Sleep pattern in epilepsy patients: a polysomnographic study

Mohamed A. Tork, Hebatallah R. Rashed, Lobna Elnabil, Nahed Salah-Eldin, Naglaa Elkhayat, Ayman A. Abdelhady, M. Ossama Abdulghani, Khaled O. Abdulghani
2020 The Egyptian Journal of Neurology Psychiatry and Neurosurgery  
Sleep disorders and epilepsy commonly exist and affect each other. Patients with epilepsy often complain of poor sleep and on the other hand, poor sleep makes epilepsy control difficult. Objectives: We aimed at comparing the sleep disturbances in a group of patients with medically controlled epilepsy versus another group with medically refractory epilepsy, from the electrophysiological standpoint. Subjects and methods: Sixty epilepsy patients were included; half of them with controlled epilepsy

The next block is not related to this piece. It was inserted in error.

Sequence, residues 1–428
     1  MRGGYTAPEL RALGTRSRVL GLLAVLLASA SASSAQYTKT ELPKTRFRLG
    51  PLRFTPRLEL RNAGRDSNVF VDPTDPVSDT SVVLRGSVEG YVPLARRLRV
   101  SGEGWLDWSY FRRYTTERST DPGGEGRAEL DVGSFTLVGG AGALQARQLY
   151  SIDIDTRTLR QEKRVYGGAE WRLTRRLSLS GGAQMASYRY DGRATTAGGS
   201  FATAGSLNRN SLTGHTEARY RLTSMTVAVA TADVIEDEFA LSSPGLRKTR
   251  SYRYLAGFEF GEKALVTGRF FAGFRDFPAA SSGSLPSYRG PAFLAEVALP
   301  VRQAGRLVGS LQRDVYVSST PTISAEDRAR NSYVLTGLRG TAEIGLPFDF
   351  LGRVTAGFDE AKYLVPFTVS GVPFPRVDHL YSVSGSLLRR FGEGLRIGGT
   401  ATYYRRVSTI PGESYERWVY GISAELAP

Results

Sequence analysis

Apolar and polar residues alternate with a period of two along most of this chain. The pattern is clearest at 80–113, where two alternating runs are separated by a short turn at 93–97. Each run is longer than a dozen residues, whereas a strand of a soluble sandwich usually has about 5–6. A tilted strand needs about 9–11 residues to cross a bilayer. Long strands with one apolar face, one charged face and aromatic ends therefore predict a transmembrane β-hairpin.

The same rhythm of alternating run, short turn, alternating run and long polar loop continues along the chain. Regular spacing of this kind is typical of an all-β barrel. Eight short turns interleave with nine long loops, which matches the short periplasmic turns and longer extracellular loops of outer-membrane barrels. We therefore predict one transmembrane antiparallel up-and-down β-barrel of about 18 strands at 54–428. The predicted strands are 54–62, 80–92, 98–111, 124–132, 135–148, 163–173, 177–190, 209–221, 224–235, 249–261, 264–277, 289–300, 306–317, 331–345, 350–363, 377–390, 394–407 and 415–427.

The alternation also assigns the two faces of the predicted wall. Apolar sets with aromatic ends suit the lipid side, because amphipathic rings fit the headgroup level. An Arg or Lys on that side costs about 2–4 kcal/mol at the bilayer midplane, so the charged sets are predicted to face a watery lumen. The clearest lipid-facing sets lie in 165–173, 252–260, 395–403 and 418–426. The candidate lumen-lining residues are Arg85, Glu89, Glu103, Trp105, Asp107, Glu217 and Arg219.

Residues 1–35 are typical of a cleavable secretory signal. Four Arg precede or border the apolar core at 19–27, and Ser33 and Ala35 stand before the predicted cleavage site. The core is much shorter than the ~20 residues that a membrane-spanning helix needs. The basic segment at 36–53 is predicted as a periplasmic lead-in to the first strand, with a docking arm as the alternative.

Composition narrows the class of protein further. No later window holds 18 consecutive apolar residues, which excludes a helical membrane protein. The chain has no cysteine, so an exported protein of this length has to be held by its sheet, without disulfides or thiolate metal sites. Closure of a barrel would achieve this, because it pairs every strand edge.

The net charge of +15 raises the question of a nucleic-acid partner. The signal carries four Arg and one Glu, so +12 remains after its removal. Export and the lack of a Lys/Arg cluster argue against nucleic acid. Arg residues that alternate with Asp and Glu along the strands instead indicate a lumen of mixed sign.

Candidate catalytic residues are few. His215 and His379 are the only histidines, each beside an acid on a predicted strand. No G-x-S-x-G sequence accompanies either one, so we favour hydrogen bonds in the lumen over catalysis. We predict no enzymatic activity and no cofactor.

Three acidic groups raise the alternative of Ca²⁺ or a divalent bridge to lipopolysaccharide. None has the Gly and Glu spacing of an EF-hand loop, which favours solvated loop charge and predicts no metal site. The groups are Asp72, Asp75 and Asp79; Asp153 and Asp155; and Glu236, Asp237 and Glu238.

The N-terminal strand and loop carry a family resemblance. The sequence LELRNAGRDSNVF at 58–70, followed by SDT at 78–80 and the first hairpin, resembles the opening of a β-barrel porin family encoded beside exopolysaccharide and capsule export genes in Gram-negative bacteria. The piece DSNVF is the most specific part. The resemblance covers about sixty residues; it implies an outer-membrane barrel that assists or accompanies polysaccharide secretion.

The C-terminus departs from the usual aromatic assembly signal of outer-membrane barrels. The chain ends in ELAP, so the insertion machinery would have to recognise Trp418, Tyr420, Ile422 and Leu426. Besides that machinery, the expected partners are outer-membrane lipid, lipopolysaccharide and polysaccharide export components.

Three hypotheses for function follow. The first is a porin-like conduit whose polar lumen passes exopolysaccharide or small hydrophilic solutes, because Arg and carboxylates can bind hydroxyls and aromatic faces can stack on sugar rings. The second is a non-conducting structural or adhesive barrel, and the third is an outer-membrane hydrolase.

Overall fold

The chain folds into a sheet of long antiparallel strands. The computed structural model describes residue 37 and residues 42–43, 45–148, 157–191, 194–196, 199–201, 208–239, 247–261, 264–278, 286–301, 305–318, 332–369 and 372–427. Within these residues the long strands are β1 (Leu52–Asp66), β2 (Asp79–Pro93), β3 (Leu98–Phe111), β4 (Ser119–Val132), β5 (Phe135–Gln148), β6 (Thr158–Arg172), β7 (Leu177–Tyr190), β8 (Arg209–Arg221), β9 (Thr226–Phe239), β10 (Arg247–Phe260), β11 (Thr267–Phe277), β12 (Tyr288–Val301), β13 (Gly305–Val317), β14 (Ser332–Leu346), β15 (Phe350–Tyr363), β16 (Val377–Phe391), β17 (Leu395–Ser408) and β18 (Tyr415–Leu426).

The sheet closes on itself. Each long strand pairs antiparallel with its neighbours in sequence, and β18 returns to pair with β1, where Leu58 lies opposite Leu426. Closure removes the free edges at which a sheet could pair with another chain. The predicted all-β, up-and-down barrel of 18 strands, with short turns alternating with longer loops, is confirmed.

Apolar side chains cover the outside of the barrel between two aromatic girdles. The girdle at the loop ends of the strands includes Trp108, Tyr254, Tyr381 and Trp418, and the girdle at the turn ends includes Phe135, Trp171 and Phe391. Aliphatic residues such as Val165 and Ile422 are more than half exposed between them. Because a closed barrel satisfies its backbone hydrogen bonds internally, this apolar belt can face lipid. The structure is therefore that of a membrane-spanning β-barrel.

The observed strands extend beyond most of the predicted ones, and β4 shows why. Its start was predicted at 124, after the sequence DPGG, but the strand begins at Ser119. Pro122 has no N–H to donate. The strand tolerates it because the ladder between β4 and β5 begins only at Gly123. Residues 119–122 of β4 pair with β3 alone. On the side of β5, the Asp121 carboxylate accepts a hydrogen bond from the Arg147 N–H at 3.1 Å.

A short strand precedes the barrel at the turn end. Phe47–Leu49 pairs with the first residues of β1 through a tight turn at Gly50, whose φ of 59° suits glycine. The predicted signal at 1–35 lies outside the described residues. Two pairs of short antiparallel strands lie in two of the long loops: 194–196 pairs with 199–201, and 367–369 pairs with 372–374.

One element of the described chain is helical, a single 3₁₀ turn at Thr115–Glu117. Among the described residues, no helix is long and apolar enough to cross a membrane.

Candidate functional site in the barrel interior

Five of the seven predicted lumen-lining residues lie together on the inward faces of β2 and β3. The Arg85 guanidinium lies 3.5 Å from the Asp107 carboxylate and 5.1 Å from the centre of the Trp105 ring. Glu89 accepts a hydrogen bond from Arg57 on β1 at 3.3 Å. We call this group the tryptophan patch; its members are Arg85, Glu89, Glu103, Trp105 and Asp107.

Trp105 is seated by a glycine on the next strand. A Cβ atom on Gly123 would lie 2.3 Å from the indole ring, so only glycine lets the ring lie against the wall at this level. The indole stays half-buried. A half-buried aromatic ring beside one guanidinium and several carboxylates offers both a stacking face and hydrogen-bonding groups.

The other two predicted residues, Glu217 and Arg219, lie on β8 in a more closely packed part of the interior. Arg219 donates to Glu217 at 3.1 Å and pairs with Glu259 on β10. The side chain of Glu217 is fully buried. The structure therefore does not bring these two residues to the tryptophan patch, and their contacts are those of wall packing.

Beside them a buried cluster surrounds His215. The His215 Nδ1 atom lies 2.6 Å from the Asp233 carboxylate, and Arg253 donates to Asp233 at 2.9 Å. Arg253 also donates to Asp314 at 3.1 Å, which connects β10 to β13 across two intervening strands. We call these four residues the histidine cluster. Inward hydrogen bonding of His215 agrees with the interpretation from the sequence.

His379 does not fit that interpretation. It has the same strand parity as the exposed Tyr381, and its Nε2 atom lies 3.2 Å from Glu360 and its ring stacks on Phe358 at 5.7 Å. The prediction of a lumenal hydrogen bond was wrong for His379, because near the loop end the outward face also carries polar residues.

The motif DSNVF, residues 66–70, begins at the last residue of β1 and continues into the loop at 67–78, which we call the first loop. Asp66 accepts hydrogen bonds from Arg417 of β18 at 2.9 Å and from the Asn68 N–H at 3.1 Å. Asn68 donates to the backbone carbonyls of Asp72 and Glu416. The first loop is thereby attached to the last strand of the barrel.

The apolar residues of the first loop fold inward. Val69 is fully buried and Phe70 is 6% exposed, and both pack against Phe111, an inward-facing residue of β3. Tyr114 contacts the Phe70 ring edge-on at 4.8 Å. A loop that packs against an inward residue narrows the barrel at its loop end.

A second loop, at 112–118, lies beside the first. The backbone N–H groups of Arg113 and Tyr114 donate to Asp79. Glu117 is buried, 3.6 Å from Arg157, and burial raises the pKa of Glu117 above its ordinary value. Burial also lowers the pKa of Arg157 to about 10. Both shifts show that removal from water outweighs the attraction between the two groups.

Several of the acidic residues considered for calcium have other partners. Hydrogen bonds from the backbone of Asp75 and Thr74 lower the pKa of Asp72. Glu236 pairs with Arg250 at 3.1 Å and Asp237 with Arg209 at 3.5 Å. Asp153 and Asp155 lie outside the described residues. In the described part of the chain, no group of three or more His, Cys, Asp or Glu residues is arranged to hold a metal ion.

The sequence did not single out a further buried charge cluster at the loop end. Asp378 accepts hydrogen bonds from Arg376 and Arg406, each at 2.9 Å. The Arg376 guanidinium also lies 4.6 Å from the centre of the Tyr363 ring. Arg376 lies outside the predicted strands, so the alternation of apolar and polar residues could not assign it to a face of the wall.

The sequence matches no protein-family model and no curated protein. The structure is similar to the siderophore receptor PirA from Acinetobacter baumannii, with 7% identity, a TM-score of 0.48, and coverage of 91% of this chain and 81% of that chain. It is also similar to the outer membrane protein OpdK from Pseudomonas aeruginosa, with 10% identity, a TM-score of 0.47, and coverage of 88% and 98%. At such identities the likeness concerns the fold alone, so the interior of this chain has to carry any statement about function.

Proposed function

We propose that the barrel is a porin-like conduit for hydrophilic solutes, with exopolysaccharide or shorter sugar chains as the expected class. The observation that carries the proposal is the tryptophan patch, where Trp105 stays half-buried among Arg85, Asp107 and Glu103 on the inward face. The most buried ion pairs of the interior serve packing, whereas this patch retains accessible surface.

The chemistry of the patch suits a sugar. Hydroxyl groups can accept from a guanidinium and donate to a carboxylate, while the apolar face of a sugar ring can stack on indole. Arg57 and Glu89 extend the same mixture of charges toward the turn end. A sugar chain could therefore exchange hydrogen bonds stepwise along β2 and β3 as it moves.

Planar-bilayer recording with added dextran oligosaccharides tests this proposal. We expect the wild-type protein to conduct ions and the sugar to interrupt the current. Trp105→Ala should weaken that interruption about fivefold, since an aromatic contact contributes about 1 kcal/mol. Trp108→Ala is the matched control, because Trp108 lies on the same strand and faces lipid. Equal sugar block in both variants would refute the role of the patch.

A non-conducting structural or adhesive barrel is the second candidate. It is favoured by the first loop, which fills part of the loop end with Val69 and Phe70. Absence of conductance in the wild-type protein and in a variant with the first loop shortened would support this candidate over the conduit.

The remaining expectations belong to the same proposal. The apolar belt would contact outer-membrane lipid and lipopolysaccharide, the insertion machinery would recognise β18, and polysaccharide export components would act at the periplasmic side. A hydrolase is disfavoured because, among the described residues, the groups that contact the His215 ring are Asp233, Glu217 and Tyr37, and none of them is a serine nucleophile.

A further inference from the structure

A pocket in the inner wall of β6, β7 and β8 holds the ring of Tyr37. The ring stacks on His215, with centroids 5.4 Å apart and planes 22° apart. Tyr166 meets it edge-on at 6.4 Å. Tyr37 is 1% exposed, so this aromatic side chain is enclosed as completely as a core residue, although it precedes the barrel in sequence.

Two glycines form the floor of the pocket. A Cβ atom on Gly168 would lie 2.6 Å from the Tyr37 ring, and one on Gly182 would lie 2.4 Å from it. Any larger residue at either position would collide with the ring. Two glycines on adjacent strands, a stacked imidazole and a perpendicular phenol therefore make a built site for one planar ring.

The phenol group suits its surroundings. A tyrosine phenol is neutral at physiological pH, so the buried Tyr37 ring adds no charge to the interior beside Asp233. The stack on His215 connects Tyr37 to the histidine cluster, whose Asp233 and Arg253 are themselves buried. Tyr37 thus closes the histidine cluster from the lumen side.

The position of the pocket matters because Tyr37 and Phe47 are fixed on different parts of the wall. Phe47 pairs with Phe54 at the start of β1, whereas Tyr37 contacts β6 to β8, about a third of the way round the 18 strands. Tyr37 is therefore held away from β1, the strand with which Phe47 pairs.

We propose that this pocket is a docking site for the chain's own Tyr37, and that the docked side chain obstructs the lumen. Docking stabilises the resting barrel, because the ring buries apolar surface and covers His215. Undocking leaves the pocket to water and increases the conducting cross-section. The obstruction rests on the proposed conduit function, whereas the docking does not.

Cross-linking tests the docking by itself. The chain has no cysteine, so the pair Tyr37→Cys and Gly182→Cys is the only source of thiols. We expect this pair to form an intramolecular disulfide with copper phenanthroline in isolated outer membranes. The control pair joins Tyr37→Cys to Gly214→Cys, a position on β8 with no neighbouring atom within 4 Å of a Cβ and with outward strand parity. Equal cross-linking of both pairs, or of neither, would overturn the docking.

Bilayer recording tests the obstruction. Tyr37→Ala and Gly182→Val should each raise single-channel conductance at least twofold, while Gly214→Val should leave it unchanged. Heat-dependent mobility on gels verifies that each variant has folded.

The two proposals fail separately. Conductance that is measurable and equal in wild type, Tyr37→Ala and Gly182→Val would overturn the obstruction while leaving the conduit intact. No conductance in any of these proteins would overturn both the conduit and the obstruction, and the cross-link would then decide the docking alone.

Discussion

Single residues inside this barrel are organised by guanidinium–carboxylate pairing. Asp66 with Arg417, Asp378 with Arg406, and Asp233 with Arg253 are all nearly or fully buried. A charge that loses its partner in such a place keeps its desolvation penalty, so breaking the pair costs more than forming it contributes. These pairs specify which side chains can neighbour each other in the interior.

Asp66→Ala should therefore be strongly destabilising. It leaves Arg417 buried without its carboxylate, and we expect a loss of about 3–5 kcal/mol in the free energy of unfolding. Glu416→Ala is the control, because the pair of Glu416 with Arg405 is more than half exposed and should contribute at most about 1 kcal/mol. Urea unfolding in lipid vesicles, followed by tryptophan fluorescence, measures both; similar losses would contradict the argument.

more » ... controlled epilepsy were assigned as group I, and the other half with refractory epilepsy was assigned as group II. All patients had an overnight polysomnogram and sleep EEG done. We excluded any patient with abnormal general or neurological clinical examination. Results: Patients in group II, had significantly delayed sleep onset latency and REM latency. However, higher arousal index, insomnia, and periodic limb movement index were found to be significantly higher in group I. Respiratory events; as light sleep durations, were observed to be higher in Group II, in addition to apnea-hypopnea index that was significantly higher in this group. Conclusion: Epilepsy affects sleep architecture and sleep-related events. Patients with refractory epilepsy suffer from more disturbance in sleep patterns. Moreover, antiepileptic drugs can have a diverse effect on sleep architecture and quality in epileptic patients.
doi:10.1186/s41983-019-0141-4 fatcat:hreju6bswbcr7c5hoa26vgwjna